Vacancy

by

Exterior, night: A woodsy two-lane highway. A sleepy husband and wife cruise through the wilderness. The husband swerves to avoid a raccoon; the car stalls. They argue. "Why didn't you just stay on the interstate?" the wife asks. Their cell phones have no signal. In the distance, they see the neon lights of a lonely motel.

You don't have to be a script-reader for a studio to have heard this setup before; by now, you can probably generate it yourself using a function key in Microsoft Word. The concept of Vacancy is pretty much the same as any wrong-turn horror flick that's been made since Psycho. In the last couple of years alone we've been subjected to about 20 of them, many of them remakes, each more pointless than the last. But as tempting as it is to lump Vacancy in with its "peers" — House of Wax, The Hitcher, the torture porn of Hostel — it's a significant notch above them. It's a grim, nasty little movie, expertly crafted to twist your gut into a knot and keep it there for 80 minutes.

It helps that screenwriter Mark L. Smith has at least one killer idea up his sleeve. Not only do the unhappily stranded David (Luke Wilson) and Amy (Kate Beckinsale) find themselves checked into a motel where you don't check out; they're also being filmed by a perverse snuff-film auteur (Frank Whaley, looking like a refugee from a '70s John Waters film) who relishes every squirm. "This has to be some kind of a joke!" Amy cries after seeing the cameras, failing to mention the more plausible possibility that they are the unwitting stars of a new reality show on MTV.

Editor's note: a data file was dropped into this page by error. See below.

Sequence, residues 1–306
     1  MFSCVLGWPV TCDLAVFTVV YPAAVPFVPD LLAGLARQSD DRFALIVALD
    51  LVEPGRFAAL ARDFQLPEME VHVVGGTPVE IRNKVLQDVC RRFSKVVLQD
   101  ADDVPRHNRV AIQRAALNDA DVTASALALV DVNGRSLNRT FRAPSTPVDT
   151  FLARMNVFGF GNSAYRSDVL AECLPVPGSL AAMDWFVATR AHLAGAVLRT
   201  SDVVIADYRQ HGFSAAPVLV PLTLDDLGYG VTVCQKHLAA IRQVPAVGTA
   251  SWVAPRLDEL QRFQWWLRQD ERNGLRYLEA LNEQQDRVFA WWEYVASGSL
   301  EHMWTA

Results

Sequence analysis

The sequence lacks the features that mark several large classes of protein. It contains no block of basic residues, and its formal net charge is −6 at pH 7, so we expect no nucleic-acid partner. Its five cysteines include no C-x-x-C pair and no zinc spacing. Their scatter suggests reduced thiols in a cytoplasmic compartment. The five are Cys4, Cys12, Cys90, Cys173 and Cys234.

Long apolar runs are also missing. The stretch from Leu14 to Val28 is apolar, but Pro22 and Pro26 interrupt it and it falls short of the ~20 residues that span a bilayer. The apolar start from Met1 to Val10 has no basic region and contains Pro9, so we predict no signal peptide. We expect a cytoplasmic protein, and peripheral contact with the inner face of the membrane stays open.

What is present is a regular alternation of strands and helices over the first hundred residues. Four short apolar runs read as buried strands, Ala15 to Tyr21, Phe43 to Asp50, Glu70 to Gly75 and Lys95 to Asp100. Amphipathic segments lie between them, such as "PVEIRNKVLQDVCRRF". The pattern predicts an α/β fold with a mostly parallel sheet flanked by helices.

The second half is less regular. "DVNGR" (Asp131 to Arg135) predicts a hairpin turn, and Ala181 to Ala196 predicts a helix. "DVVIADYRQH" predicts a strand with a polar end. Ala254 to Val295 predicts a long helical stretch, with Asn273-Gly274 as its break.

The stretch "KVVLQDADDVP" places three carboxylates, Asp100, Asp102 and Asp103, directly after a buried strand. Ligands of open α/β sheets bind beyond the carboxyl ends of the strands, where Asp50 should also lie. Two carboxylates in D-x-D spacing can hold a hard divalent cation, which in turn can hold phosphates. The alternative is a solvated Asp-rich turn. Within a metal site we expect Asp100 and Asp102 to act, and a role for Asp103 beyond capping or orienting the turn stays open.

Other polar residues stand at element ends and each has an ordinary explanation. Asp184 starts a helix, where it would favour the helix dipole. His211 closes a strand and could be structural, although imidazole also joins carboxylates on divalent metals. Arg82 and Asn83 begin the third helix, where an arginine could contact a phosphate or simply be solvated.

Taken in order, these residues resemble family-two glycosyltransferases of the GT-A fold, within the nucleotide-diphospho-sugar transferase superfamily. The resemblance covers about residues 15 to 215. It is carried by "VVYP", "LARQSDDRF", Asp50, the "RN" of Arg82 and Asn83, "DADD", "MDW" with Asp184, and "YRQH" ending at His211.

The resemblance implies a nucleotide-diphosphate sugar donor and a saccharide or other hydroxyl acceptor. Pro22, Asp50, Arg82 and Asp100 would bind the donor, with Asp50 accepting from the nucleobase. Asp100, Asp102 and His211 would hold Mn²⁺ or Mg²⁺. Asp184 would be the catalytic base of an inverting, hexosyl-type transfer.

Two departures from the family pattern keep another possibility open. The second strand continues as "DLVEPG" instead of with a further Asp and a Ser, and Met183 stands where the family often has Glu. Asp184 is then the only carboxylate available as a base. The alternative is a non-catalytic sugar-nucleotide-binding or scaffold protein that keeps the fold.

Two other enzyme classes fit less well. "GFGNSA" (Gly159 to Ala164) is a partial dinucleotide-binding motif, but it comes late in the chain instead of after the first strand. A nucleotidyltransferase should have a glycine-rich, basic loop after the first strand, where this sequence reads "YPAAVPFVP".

In fact, the irony of our "reality" obsessed culture isn't entirely lost on director Nimrod Antal, making his Hollywood debut after the acclaimed Budapest-subway thriller Kontroll. It might be giving Vacancy too much credit to say it's a scathing critique of our current obsession with real-life horror, be it Fear Factor or cell-phone-filmed atrocities. But as David and Amy scramble to find a way out of their seedy suite, Antal doesn't miss the opportunity to implicate the audience as voyeurs on the same level as Whaley's drooling motel owner, who spies all their desperate actions on his bank of ancient TV monitors.

The details of Vacancy's plot all but crumble upon reflection; the whys and hows aren't well-thought-out. But Beckinsale and Wilson underplay their bickering-couple routine admirably, and Antal was savvy enough to choose Quentin Tarantino's former cinematographer, Andrzej Sekula, to shoot the film. Long after the specifics of this otherwise by-the-book thriller have faded from memory, you'll remember the grimy, saturated reds and browns of the motel, and the way the masked killers emerge from behind the shiny polyester curtains to butcher their prey. Awesomely kitschy '50s decor never looked so horrifying.

Michael Hastings writes about film for Metro Times. Send comments to letters@metrotimes.com.

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